Dr. Alexander, Anesthesiology
Dr. Samuel C. Alexander, former assistant professor of anesthesiology in the School of Medicine from 1958-1969, passed away June 23 at age 80.
Raised in North Carolina, Dr. Alexander earned his bachelor’s degree from Davidson College in 1951 and his medical degree from Penn in 1955.
Following his tenure at Penn, Dr. Alexander held positions at University of Connecticut, the Winslow Navajo Indian Hospital in Arizona, and served as chair of the department of anesthesiology at the University of Wisconsin School of Medicine for 20 years. He retired in 1996 from what is now Drexel University’s College of Medicine.
Dr. Alexander is survived by his wife, Betty; children, Samuel III, Christian Libson and Baine Alexander; eight grandchildren; and his sister, Margaret Farthing.
Ms. Bradford, SAS External Affairs
Susanne “Susie” Bradford, retired director of communications in SAS External Affairs, passed away May 11 at age 67.
Ms. Bradford spent over two decades of her career at Penn, arriving in 1978 as a secretary in the Annenberg School. She joined the SAS External Affairs staff in 1987. At the time of her retirement in 2004, she also served as managing editor of the Penn Arts & Sciences Magazine.
In retirement, Ms. Bradford served as president of the Master Gardener Association in 2008. She also created an About.com video for the Garden section of the site.
Born in 1943 in Hagerstown, Maryland, she graduated from National Cathedral High School in Washington, DC.
Ms. Bradford is survived by her husband, Richard Hudson; children, Ellie and Chris Jones; brother, Kent Bradford, Jr.; sisters, Harriett Magee and Laurie Hall; stepchildren, Donnell Hudson, Fontaine Hudson, Jeanne Koehler, Andrew Hudson, Sophie Forgues-Roy, Lawrence Hudson and Jean-Bernard Forgues-Roy; and 15 grandchildren.
Dr. Goodman, Wharton
Dr. Charles Schaffner Goodman, professor emeritus and former chairman in the Wharton School’s marketing and business administration department, passed away October 18, 2009 at age 93.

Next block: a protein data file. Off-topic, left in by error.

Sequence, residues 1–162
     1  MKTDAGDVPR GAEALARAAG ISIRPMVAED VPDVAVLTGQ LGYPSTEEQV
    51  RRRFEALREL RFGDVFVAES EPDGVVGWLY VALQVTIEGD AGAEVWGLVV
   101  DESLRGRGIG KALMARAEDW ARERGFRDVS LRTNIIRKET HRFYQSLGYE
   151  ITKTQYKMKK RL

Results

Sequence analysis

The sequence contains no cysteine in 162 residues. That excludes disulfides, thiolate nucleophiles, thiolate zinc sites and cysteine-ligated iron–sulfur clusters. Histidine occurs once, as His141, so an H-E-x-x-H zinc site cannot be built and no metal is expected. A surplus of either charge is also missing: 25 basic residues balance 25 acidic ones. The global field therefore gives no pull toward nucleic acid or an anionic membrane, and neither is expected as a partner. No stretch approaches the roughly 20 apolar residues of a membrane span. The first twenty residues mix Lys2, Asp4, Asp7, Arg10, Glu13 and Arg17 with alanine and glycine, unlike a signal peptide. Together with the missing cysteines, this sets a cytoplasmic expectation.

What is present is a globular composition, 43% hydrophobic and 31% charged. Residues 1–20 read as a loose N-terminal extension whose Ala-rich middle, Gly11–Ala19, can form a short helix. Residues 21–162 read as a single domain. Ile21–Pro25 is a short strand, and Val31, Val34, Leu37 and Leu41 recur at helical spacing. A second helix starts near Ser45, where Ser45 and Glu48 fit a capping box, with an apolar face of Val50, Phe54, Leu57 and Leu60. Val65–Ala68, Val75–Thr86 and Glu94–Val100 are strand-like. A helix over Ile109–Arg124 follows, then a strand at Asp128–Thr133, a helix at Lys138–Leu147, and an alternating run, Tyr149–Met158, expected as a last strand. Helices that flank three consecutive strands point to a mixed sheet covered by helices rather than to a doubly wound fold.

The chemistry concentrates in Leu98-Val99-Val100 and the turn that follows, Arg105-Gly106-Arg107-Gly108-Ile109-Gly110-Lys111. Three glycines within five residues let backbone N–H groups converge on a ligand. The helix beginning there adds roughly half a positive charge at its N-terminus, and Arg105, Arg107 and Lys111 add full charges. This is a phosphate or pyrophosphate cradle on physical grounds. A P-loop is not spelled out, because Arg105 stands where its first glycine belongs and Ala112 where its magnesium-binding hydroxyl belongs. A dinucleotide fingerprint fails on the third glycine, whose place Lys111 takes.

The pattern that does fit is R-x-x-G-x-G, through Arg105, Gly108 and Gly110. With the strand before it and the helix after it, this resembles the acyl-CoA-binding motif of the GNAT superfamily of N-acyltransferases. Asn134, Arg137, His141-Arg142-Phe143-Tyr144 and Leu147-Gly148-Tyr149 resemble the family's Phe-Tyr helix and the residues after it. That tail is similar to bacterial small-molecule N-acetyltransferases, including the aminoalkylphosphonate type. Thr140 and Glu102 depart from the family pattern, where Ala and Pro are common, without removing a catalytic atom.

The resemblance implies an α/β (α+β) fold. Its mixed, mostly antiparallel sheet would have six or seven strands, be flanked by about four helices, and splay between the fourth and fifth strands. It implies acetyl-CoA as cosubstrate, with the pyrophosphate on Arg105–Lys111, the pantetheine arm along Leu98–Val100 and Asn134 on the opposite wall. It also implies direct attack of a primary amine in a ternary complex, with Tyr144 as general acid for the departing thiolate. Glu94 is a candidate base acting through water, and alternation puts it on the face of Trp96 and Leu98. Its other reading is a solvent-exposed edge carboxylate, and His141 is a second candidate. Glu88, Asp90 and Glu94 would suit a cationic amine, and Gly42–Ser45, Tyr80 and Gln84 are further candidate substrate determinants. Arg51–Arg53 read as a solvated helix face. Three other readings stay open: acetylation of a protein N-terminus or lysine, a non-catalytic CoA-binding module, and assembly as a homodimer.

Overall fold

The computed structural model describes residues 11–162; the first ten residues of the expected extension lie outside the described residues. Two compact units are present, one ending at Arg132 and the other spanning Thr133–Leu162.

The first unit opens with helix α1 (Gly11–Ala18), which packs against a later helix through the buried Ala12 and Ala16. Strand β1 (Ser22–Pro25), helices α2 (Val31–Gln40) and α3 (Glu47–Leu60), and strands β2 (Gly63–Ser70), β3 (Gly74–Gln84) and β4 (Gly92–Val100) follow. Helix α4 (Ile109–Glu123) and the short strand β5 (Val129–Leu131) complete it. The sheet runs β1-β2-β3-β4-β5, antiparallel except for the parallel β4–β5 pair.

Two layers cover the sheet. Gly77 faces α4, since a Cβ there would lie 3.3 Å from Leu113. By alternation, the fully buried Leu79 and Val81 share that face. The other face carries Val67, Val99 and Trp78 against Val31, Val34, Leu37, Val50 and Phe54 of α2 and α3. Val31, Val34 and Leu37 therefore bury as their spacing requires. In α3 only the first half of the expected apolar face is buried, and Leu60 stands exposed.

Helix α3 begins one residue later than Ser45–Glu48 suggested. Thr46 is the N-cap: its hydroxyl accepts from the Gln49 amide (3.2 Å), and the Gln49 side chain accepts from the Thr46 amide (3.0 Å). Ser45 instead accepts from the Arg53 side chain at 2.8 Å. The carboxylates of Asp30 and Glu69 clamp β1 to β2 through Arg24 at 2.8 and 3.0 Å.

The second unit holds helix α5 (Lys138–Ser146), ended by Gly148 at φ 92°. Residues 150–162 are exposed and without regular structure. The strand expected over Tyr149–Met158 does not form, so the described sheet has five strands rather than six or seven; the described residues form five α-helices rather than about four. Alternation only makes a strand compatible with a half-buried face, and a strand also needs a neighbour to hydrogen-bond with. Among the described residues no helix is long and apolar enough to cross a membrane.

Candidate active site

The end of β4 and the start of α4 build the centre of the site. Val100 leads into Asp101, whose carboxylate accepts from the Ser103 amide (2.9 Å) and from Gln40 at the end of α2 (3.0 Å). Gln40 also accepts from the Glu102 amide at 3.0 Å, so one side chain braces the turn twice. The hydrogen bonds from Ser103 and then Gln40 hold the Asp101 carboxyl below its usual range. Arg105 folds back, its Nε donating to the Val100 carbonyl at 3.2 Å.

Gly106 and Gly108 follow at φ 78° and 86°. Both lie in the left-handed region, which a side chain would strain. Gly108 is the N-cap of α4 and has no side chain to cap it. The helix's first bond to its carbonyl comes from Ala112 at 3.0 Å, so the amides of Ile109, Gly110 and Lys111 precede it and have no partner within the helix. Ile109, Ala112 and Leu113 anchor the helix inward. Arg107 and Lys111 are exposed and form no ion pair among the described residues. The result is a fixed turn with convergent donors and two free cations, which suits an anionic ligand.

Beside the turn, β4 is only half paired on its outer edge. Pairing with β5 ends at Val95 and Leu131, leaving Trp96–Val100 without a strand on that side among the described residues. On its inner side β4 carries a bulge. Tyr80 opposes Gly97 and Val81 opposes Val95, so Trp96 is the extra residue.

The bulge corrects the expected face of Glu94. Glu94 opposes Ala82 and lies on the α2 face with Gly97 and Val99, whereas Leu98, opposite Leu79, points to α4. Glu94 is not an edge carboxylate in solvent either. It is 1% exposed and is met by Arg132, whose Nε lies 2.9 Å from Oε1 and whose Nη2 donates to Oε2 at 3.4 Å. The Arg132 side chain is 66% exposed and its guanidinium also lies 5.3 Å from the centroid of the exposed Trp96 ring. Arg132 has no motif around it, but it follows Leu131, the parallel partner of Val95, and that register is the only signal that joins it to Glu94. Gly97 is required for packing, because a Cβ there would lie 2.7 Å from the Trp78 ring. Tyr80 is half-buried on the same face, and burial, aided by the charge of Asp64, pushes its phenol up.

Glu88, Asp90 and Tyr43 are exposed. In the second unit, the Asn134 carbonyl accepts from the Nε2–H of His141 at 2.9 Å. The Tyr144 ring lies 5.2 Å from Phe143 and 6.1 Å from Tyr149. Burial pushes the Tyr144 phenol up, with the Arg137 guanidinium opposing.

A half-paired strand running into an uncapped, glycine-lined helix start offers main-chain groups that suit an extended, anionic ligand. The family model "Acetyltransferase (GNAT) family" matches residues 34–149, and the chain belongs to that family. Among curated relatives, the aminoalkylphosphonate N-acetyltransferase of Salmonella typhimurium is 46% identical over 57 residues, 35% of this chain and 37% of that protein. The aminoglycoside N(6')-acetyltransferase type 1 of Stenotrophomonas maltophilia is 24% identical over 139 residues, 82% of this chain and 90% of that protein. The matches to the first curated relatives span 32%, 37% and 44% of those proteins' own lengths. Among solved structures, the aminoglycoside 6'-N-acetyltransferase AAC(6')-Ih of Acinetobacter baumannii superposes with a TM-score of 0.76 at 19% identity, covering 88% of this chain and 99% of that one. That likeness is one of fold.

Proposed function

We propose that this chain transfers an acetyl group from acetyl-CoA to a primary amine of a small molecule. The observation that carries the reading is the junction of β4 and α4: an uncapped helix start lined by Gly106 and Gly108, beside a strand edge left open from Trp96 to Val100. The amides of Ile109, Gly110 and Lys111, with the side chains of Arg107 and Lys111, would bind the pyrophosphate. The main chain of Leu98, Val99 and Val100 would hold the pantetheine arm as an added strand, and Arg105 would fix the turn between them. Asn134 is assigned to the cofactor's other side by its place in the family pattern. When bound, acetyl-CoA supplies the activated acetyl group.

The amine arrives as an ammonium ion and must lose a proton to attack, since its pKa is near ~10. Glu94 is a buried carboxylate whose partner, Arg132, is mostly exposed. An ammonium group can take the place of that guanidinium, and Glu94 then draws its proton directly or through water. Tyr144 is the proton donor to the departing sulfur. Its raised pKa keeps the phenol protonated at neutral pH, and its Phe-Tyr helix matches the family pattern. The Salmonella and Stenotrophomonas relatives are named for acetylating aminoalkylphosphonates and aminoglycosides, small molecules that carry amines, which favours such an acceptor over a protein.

Dr. Goodman received his bachelor’s and master’s degrees from UCLA in 1938 and 1940, respectively. After serving in WWII, he earned a doctorate from the University of Michigan in 1948.
He joined the faculty of the Wharton School in 1948, where he was a professor of marketing and business administration until his retirement in 1986. He also served as chairman of the department from 1974 to 1978.
As a nationally known marketing expert he consulted for Anheuser Busch and the Department of Defense among others.
Dr. Goodman is survived by his children, Chick Goodman and Suzanne Hogsett; and his grandchildren, Julia Allison Goodman and Zebulon Robert Goodman.
Dr. Knauer, Penn Museum
Dr. Elfriede R. Knauer, a consulting research associate in the Mediterranean Section at the Penn Museum, passed away June 7 at age 83.
A native of Germany, Dr. Knauer researched and published widely in the art history of ancient Greece, the ancient and medieval history of the silk route and Renaissance culture.
She had been at the Museum since 1974. She is the 2002 recipient of the Museum’s Director Award, which honors volunteer achievements.
Dr. Knauer is survived by her husband, Georg Knauer, professor emeritus of classical studies.
Professor Leech, Penn Law
Professor Noyes E. Leech, emeritus professor in the Law School, passed away July 1 at the age of 88.
Professor Leech received both his BA and JD from Penn in 1943 and 1948, respectively.
After he earned his law degree, he became an associate at Dechert, Price & Rhoads. He began his career at Penn Law in 1949 as an instructor in law, later becoming a full professor in 1958, and the Ferdinand Wakeman Hubbell Professor of Law in 1978. A year before his retirement in 1986 he was the William A. Schnader Professor of Law.
During the 1959-1960 academic year, Professor Leech served as chair of the Faculty Senate.